(Bloomberg) -- Trust firms that have issued at least $5 billion in high-yield products linked to China Evergrande Group are bracing for a cascade of losses after the cash-strapped developer said it may no longer be able to meet its financial obligations.

At least three firms, including Citic Trust Co., China Foreign Economy and Trade Trust Co. and National Trust, notified clients over the past few days that they risk missing payments on Evergrande products due to the developer’s strained finances and will take legal action to protect investors, people familiar with the matter said, asking not to be named discussing private deliberations. At least five trust companies held emergency meetings over the weekend to discuss how to handle potential disputes with investors, the people said. 

The meetings illustrate how a key group of onshore Evergrande creditors are responding to a Friday statement from the developer in which it formally acknowledged for the first time the need to restructure offshore debt. Should Evergrande be declared in formal default on its bonds, a wave of cross defaults could be triggered, giving trusts limited room to negotiate extensions with investors or bridge over payment lapses by dipping into their own pockets, said one of the people.

None of the trust firms were immediately available to comment. Evergrande didn’t immediately respond to a request for comment.

Evergrande counts trust companies, which pool money from wealthy individual investors, as an important source of funding -- accounting for about 40% of borrowings at the end of 2019, when it last disclosed the figures. While the firms have been reducing their exposure to Evergrande and its peers since then, they continue to be massive lenders with at least $12 billion in developer-linked trust payments due just this month.

The risk of contagion into the $3 trillion trust industry will add pressure on policy makers to ease the crunch in the real estate sector, which has already triggered protests by home-buyers and investors in wealth management products sold by Evergrande and another embattled developer Kaisa Group Holdings Ltd. 

Evergrande has done business with most of the 68 trust companies in China. It had $1.8 billion in trust loans maturing in the fourth quarter, with another $5 billion due over 2022 and 2023, according to Use Trust, a company that tracks the industry. The data only covers trusts sold to retail investors and not so-called single trusts, which are private placements and make up the bulk of Evergrande’s financing through the products.

If holders of an Evergrande bond declare it in formal default “cross defaults would be automatically triggered for the firm’s other debt instruments, including trusts,” said Daniel Fan, an analyst at Bloomberg Intelligence. “The company would face immense repayment pressure at once.”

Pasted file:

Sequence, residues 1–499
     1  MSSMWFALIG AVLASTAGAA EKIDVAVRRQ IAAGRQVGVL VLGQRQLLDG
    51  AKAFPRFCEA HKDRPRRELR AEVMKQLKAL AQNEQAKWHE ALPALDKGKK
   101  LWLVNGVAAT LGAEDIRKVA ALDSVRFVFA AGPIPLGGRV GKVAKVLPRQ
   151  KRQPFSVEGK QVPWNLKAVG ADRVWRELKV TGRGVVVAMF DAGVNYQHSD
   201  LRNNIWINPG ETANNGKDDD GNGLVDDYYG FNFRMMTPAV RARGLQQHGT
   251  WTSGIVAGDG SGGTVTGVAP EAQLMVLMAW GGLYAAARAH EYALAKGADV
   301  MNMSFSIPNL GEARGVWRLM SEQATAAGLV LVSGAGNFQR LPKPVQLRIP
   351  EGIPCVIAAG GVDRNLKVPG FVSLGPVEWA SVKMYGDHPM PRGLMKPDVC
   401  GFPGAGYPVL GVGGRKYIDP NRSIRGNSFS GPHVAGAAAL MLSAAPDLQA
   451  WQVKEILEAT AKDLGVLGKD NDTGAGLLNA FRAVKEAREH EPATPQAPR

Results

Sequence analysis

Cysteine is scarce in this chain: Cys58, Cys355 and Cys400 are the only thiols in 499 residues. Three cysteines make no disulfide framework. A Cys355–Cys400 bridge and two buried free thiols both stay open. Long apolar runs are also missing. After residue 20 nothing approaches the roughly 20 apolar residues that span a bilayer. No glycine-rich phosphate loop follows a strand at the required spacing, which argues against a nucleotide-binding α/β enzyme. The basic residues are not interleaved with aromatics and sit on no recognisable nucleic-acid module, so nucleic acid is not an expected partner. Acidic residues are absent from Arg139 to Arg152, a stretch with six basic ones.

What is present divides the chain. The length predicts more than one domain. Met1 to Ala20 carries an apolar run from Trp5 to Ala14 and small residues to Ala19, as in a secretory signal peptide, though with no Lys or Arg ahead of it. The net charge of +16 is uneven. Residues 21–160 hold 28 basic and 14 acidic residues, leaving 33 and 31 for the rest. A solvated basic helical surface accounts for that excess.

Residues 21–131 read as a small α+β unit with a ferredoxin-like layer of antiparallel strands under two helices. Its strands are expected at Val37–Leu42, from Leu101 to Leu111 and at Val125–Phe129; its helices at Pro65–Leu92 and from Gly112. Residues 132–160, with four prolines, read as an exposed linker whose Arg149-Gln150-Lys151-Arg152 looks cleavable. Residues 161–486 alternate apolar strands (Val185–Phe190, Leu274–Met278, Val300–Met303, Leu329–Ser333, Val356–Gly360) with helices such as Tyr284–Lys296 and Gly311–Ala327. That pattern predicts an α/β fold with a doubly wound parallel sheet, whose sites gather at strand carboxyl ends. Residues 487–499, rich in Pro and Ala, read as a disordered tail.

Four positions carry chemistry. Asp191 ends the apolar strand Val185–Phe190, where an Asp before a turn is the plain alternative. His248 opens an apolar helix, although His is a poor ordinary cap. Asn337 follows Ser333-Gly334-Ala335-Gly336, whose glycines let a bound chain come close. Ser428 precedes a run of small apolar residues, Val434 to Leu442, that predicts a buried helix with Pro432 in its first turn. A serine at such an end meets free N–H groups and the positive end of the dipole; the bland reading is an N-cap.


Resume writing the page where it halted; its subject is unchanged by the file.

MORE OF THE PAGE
Evergrande is planning to include all its offshore public bonds and private debt obligations in a restructuring that may rank among the nation’s biggest ever, people familiar with the matter said. It would include public notes sold by Evergrande and unit Scenery Journey Ltd., according to the people, who asked not to be identified discussing private information. Grace periods for interest payments on two notes from Scenery Journey end Monday and could mark the firm’s first default on public debts. 

Chinese authorities, including the central bank and the securities regulator, sought to reassure investors shortly after Evergrande’s statement late on Friday, reiterating that broader risks to the economy can be contained.  

Top of mind for regulators is social stability. Evergrande sparked protests earlier this year when it missed payments on 40 billion yuan ($6.2 billion) of wealth management products, sold to retail investors including its own employees. Some investors in its trust products are high-net-worth clients of commercial banks, which means the spillover could extend beyond the already embattled trust sector, people familiar with the matter said.

The government of Guangdong, the southern province where Evergrande is based, summoned founder Hui Ka Yan to express concern over the company’s Friday announcement and said it would dispatch a team to the developer to ensure “normal” operations.

“We expect more government intervention on the operations side to secure home delivery and prioritize supply chain payments and wealth management products,” said Iris Chen, a credit desk analyst, Nomura Securities Co.  

Trust firms have this year defaulted on more than $10 billion of developer-linked products, which were till recently seen by wealthy Chinese and institutions as a place to park money. The firms have sought to cut exposure to the sector, reducing their outstanding loans 17% by June from a year earlier, according to the China Trustee Association. 

The potential damage is already seeping out. Jiangsu Yanghe Brewery Joint-Stock Co. said late Friday that payment on an Evergrande-linked trust product that a unit bought from Citic Trust is now overdue. The liquor maker held 2.3 billion yuan in outstanding trust products as of early November, with about 648 million yuan linked to Evergrande, according to responses to investor questions on an inquiry platform run by the Shenzhen exchange.

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